For several years, it has been known that superfluid helium housed in reservoirs located next to each other acts collectively, even when the channels connecting the reservoirs are too narrow and too long to allow for substantial flow. A new theoretical model reveals that the phenomenon of mysterious communication 'at a distance' between fluid reservoirs is much more common than previously thought.
Particles, waves and ants
by on Wed, 26 Nov 2014 09:42:44 EST:
Particles or waves traveling through disordered media are scattered at small impurities. Surprisingly, the density of these impurities does not affect the overall dwell time the particle -- or wave -- spends inside the medium. This remarkable finding applies not only to particles and waves, but also to crawling ants or drunken sailors hitting streetlamps.
Global quantum communications: No longer the stuff of fiction?
by on Wed, 26 Nov 2014 09:42:40 EST:
Neither quantum computers nor quantum cryptography will become prevalent technologies without memory systems able to manipulate quantum information easily and effectively. Scientists have recently made inroads into popularizing quantum information technologies by creating an atomic memory with outstanding parameters and an extremely simple construction.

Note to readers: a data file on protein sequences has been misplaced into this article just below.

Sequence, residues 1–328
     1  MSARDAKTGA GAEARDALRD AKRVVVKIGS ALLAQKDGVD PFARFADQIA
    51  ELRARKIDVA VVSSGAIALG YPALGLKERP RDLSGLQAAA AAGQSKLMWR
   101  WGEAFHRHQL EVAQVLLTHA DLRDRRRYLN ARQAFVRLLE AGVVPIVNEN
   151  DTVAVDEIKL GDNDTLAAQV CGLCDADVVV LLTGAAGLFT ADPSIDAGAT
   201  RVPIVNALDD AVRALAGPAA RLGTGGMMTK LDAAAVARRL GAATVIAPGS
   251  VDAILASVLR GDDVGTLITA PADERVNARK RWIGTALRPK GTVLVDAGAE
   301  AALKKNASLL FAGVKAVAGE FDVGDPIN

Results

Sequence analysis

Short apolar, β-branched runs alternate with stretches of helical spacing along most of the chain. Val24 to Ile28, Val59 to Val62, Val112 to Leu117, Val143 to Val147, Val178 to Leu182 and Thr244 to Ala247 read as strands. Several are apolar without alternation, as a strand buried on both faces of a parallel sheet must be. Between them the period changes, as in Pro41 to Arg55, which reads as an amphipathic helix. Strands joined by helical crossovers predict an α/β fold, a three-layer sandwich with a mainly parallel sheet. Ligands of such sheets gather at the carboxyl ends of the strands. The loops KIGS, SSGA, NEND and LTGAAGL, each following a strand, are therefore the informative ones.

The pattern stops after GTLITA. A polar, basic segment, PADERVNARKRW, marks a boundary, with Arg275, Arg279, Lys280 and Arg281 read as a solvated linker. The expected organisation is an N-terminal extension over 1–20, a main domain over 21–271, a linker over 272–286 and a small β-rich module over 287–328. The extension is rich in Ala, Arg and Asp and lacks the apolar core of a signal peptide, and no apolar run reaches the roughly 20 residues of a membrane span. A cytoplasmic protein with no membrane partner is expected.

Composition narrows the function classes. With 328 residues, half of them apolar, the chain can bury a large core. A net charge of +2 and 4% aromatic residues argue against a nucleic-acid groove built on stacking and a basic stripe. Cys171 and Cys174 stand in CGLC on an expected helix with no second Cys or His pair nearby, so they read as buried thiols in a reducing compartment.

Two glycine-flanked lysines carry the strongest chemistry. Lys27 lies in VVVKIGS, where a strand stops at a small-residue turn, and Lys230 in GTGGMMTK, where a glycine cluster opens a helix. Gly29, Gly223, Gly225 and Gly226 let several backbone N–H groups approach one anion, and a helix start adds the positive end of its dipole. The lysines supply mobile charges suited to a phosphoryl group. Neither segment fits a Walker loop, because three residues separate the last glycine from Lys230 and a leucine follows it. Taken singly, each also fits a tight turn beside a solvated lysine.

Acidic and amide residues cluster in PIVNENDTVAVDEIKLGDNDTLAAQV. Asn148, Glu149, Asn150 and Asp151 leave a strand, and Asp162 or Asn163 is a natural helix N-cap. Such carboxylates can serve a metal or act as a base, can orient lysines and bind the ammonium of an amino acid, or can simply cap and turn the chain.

It's particle-hunting season! Scientists launch Higgs Hunters Project
by on Wed, 26 Nov 2014 09:40:53 EST:
Scientists have launched the Higgs Hunters project, which will allow members of the general public to study images recorded at the Large Hadron Collider and to help search for previously unobserved particles.
Van der Waals force re-measured: Physicists verified nonlinear increase with growing molecular size
by on Wed, 26 Nov 2014 07:51:01 EST:
Van der Waals forces act like a sort of quantum glue on all types of matter. Using a new measuring technique, scientists experimentally determined for the first time all of the key details of how strongly the single molecules bind to a surface. With an atomic force microscope, they demonstrated that the forces do not just increase with molecular size, but that they even grow disproportionately fast.
Physicists bind single-atom sheets with the same force geckos use to climb walls
by on Tue, 25 Nov 2014 13:19:21 EST:
The approach is to design synergistic materials by combining two single-atom thick sheets, for example, that act as a photovoltaic cell as well as a light-emitting diode, converting energy between electricity and radiation.